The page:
The Stories We Tell: Science, faith, and cultural distinctiveness

Tiamat
Babylonian cylinder seal. Ben Pirard at nl.wikipedia CC-BY-SA-3.0 (http://creativecommons.org/licenses/by-sa/3.0/)%5D, Wikimedia Commons

Once upon a time, there was a goddess called Tiamat. Tiamat was the ocean, chaotic and powerful. Tiamat’s husband, freshwater, was bothered by the noisy younger gods and wanted to kill them but Tiamat disagreed and warned her son. When Tiamat’s husband was then killed by the younger gods she wanted revenge, so she made eleven monsters to hunt them down – including her own children. In the end, the young champion Marduk challenged Tiamat to a battle and killed her. Marduk cut Tiamat in two, using one half of her body to make the heavens, and the other the earth.”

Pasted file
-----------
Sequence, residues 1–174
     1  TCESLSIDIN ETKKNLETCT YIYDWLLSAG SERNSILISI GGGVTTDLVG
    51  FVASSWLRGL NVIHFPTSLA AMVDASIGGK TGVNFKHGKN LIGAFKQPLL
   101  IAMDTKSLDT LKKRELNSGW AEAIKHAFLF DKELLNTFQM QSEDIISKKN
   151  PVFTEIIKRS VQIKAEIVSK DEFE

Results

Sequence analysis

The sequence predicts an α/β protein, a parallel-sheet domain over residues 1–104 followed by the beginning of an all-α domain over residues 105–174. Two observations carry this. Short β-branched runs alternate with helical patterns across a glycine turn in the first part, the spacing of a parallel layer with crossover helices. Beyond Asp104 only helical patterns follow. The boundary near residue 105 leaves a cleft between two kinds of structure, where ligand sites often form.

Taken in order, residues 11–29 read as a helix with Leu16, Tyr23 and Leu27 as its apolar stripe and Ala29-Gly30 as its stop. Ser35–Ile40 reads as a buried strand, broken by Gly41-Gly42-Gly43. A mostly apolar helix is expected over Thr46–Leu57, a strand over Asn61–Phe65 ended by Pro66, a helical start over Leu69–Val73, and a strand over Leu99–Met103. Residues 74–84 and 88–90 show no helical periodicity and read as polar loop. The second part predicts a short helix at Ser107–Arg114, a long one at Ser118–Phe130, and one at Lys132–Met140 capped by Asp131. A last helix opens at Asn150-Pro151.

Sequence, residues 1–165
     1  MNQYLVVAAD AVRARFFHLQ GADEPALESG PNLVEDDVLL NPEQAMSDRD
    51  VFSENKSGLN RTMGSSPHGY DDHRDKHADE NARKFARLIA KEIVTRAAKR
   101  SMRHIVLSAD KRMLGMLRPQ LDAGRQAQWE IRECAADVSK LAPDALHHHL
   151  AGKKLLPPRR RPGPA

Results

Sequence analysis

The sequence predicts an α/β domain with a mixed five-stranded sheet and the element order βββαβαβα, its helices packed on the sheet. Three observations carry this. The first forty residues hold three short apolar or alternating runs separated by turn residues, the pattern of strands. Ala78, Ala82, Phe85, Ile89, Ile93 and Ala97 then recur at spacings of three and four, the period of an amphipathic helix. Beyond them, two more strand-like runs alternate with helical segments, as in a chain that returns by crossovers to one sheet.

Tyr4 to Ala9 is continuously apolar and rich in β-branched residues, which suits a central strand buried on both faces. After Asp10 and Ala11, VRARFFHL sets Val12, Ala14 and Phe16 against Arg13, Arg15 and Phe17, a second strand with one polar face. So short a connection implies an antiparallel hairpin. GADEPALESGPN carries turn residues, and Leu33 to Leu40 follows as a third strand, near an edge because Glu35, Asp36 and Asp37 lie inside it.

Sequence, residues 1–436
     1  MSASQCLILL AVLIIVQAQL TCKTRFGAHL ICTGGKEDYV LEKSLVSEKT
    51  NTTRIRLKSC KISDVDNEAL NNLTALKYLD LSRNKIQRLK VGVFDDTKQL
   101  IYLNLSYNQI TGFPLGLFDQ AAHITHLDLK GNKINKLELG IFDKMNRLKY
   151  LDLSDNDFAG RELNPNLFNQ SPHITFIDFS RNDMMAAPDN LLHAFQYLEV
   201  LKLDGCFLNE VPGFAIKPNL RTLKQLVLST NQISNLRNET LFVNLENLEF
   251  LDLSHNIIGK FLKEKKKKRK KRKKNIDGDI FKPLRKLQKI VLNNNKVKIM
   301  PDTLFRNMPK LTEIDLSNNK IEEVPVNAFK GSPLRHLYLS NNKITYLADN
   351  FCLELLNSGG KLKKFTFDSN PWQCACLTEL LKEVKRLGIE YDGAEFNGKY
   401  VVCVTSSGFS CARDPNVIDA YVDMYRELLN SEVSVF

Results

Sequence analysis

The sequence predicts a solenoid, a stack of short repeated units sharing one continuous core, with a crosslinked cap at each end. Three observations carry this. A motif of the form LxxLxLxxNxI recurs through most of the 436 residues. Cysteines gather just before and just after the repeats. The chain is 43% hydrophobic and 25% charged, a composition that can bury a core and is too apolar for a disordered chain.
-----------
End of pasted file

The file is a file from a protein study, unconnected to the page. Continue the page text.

When the people of Israel were exiled in Babylon, if any of their youngsters ever got to receive an education they might have been taught the Babylonian creation poem Enuma Elish. The highly abbreviated version I have given here is just a flavour of this extremely – to my ears – bloodthirsty and violent epic. I wonder what the parents might have thought about their children being exposed to stories like this? Continue reading